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Summary
Millesi M et al.  
Current Surgical Strategies in the Treatment of Intracranial Meningiomas

European Association of NeuroOncology Magazine 2013; 3 (3): 112-117

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Fig. 1: Intracranial Meningioma Fig. 2: Intracranial Meningioma Fig. 3: Intracranial Meningioma



Keywords: complete resectionmeningiomaradiosurgeryskull base surgery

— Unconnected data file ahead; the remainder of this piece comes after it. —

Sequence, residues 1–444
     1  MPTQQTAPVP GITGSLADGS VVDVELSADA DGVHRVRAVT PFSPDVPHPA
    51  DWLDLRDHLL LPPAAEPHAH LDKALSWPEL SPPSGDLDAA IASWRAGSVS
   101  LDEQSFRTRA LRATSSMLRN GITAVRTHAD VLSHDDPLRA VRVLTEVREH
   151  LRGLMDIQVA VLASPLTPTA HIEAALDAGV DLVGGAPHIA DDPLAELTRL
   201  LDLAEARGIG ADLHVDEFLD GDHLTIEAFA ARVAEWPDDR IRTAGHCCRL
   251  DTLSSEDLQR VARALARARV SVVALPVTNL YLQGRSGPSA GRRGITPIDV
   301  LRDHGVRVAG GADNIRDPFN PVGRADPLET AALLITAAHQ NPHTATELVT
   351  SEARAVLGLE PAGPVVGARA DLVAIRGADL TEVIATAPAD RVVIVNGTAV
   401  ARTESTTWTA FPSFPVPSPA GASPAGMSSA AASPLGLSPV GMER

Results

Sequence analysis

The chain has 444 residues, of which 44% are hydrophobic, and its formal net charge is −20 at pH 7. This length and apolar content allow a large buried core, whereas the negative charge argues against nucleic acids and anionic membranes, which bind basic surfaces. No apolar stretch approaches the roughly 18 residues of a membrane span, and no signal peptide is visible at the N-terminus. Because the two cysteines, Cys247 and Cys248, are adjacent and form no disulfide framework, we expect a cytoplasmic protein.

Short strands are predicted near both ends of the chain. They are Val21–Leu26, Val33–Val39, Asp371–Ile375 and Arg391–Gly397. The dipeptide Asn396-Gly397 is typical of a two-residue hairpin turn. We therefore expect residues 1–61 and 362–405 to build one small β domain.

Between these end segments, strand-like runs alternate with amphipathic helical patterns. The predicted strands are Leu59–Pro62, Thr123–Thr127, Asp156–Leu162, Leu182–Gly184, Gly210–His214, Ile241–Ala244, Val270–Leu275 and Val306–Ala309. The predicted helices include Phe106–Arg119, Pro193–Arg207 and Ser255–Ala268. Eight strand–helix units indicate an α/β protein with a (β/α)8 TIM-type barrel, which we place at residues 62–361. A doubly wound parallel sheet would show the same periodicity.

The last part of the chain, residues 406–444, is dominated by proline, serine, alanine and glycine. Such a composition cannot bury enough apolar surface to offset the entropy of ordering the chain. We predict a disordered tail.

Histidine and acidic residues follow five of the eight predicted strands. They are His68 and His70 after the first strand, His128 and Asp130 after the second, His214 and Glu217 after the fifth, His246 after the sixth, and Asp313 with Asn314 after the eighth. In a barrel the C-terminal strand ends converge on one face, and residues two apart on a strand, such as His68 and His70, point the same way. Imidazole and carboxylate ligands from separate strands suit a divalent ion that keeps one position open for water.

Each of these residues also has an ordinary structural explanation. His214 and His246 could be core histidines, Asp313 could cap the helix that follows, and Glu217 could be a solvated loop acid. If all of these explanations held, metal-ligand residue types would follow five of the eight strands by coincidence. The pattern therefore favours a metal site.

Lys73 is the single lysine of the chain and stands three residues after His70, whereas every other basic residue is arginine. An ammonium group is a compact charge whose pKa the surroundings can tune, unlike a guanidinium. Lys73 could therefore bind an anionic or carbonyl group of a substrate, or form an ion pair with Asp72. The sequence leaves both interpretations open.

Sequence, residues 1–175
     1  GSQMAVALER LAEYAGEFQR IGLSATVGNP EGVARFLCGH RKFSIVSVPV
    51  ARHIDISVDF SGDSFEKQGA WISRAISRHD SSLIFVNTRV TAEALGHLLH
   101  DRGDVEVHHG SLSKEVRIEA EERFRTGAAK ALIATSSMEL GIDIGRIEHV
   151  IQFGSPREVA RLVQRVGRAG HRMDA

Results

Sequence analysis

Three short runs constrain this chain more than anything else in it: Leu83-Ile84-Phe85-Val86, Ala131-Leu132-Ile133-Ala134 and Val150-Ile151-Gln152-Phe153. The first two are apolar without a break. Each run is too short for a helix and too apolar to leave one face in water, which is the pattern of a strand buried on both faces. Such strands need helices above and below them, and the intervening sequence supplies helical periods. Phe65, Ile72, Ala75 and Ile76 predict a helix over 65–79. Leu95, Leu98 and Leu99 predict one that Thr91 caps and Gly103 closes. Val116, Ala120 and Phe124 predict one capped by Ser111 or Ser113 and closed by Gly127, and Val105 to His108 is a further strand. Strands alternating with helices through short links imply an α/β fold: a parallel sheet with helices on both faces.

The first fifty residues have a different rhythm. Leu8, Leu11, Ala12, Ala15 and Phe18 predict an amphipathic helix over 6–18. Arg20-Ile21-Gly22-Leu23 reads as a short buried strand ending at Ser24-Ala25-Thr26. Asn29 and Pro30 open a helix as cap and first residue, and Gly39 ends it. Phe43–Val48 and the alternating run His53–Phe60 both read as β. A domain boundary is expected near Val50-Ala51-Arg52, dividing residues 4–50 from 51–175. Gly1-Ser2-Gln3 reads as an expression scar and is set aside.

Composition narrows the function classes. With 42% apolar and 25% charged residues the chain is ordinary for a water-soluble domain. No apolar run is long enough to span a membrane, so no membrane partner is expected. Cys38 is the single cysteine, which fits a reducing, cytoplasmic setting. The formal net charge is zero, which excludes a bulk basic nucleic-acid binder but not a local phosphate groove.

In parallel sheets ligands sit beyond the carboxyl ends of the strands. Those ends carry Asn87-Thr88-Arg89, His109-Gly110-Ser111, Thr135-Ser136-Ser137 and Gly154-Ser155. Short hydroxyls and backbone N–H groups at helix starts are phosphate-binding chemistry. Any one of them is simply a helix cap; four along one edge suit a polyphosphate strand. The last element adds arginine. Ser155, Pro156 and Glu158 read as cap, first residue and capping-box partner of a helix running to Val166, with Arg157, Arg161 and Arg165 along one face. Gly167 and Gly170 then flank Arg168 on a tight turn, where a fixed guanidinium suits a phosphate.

Meningiomas account for approximately 35 % of all primary intracranial CNS tumours and the mean age at the time of diagnosis is 63 years. Currently, the best-evaluated risk factor in association with meningiomas is exposure to ionizing radiation. Depending on their location, meningiomas can present with a wide variety of symptoms and in several locations; they can reach a reasonable size before becoming symptomatic due to their slow growth. On the other hand, in specific regions, early presentation is also possible due to compression of neurovascular structures. Ever since the publication by Harvey Cushing, surgical removal has been the treatment of choice and the risk of recurrence depends strongly on the degree of resection. In the past decades, due to higher morbidity rates with removing skull base meningiomas due to the close proximity to vital neurovascular structures, radiosurgery has become a viable option in specific locations for treating residual tumour tissue or Abstract: Meningiomas account for approximately 35 % of all primary intracranial CNS tumours and the mean age at the time of diagnosis is 63 years. Currently, the best-evaluated risk factor in association with meningiomas is exposure to ionizing radiation. Depending on their location, meningiomas can present with a wide variety of symptoms and in several locations; they can reach a reasonable size before becoming symptomatic due to their slow growth. On the other hand, in specific reas stand-alone therapy in case of cavernous-sinus meningiomas. Nevertheless, surgical resection remains the main treatment modality for most intracranial meningiomas.
 
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